Game 1 goes to Jazz in OT Stockton's late shot helps Utah turn back rallying Bulls, 88-85

June 04, 1998|By Jerry Bembry | Jerry Bembry,SUN STAFF

SALT LAKE CITY -- A season-long fight for home-court advantage was at risk, after just one game.

The Utah Jazz had entered these NBA Finals as a favorite, but there were the Chicago Bulls, looking to seize control last night as they neared the end of their dynasty.

It didn't happen, although the Bulls forced an overtime after struggling from eight points down in the final quarter. But Utah got nine in the final session to steal the 88-85 win before a sellout crowd at the Delta Center.

In victory, the Jazz took a 1-0 advantage in the best-of-seven series, which continues here tomorrow. But Utah survived a major scare, perhaps effected by rust that accompanied the nine-day lay-off leading to last night's opening game.

Utah point guard John Stockton provided the game's biggest shot, driving past Steve Kerr and hitting a tough layup with nine seconds left, giving the Jazz an 86-82 lead and the game. Chicago was hurt by two turnovers in the fourth quarter, one a 24-second violation by Michael Jordan and the other when Luc Longley fumbled a pass in the low post just before to Stockton's shot.

Stockton led the Jazz with 24 points and Karl Malone added 21.

Michael Jordan led the Bulls with 33 points, and Scottie Pippen added 21 but at the buzzer missed a three-pointer that would have tied the score.

Chicago had trailed by eight early in the fourth quarter and by four with 55 seconds left in regulation after a jumper by Malone.

But the Bulls tied the game, first pulling to within 79-77 after two free throws by Pippen with 51 seconds left.

Later trailing by two and looking to tie the game in the final seconds, Jordan drew a double team and passed off to Longley. The Chicago center scored on a lay-up with 13 seconds left, forcing the overtime.

Going into the opening game the biggest concern for Utah was the rust that came with the nine-day layoff. The Jazz, who swept Los Angeles in four straight, had to wait for the Bulls to finish their seven-game Eastern Conference finals series against Indiana.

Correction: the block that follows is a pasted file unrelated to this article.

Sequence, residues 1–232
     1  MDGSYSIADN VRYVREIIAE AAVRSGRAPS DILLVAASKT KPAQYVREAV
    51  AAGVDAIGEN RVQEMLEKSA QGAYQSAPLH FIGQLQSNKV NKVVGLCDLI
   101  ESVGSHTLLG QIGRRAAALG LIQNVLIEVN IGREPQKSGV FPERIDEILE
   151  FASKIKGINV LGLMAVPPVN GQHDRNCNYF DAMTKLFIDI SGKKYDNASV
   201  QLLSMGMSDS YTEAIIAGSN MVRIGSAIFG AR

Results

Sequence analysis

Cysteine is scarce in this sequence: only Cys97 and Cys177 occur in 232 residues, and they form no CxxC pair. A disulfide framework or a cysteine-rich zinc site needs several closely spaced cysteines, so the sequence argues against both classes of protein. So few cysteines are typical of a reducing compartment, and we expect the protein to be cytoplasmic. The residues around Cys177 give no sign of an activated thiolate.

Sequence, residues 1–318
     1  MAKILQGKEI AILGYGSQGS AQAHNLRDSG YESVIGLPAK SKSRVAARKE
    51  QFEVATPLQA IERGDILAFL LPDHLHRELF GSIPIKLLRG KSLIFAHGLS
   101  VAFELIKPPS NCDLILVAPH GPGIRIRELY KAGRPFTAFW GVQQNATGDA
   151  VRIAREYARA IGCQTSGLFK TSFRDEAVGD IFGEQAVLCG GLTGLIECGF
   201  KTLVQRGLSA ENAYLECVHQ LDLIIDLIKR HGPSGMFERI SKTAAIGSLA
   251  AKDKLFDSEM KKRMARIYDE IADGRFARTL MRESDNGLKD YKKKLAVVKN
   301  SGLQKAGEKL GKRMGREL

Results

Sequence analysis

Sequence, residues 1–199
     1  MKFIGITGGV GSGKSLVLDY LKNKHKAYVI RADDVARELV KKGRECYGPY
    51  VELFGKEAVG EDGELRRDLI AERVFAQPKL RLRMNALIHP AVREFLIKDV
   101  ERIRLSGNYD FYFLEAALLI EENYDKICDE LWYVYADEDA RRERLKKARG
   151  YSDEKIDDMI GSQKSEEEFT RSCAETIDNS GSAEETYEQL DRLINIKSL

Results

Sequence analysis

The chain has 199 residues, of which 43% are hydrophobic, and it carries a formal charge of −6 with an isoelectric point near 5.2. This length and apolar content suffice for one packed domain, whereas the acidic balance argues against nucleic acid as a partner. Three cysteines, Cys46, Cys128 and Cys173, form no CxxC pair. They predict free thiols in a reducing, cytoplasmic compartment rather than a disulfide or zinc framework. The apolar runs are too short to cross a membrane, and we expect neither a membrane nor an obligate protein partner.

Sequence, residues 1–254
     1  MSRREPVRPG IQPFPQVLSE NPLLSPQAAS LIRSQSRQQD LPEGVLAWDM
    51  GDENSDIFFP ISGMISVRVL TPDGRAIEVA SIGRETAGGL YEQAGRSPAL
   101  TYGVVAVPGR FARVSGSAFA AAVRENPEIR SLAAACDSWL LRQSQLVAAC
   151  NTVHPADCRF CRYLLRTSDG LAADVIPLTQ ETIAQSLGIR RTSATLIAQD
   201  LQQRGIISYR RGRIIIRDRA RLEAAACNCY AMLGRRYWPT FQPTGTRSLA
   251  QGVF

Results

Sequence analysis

"You never know until you get back out there and play the game," said Utah guard Shandon Anderson, on whether it would tough with the layoff. "That's something we'll see the first couple of minutes of the game. You can't simulate playing Chicago in practice, so it'll take a couple of minutes to adjust to the situation, and once we get going it's smooth sailing."

Those concerns by the Jazz proved to be valid at the start of the game. Utah committed four turnovers in just over three minutes midway through the first quarter. The Jazz trailed by as many as four early in the game but, despite a 20-point scoring outburst from Jordan, Utah had a 45-40 half-time lead.

The key to Utah's first half was the play of Stockton, who scored 13 first-half points, including the final six for the Jazz over the last 70 seconds. Also helping was the play of the bench, which had a 16-4 scoring advantage over Chicago's.

Those contributions were huge because Malone, who dominated the Western Conference finals series against Utah, looked rusty as he scored only nine first-half points.

Chicago started a line-up that was smaller than anticipated after strained ligaments in Dennis Rodman's right thumb kept the forward out of the starting line-up. Toni Kukoc started in his place, but he struggled shooting, missing four of his five first-quarter shots.

Still, Chicago took advantage of Utah's missing five of its first six shots. After Pippen scored on a dunk with 8: 24 left, Chicago's lead was 8-5. Two free throws by Pippen with 1: 38 left gave Chicago its biggest lead of the quarter, 17-13. But the Jazz scored the last four, tying the game at 17 on a Malone lay-up with five seconds left.

One of Chicago's biggest concerns entering the series was how its bench would match up with Utah's, and that was evident at the start of the second quarter when Phil Jackson put Pippen on the court with Jud Buechler, Randy Brown, Rodman, and Dickey Simpkins.

The Jazz took advantage and scored the first six points of the second quarter, taking a 23-17 lead on Bryon Russell's fast-break dunk. Utah increased that lead to as many as eight points, which was about the time that Jordan decided to single-handedly attempt to keep the Bulls in the game.

Over the final 7: 56 of the first half, Jordan scored 15 of Chicago's 21 points. He hit six of seven shots along the way, and by the time Jordan's outburst was over, five Utah defenders had tried to stop him.

When Jordan made a three-point play with 51 seconds left, the Bulls were within 41-40 and appeared to be gaining momentum going into halftime. But Stockton scored the final four points, including a jumper with just under four seconds left, that gave the Jazz the 46-40 half-time lead.

Jordan cooled off in the third quarter, when he scored just five points. So did Stockton, whose only field goal in the third was a lay-up with 10: 46 left.

Despite Malone's continued scoring woes, the Jazz was able to maintain its advantage. And with Russell's jumper with 26 seconds left, Utah took a 67-59 lead going into the final period.

Pub Date: 6/04/98

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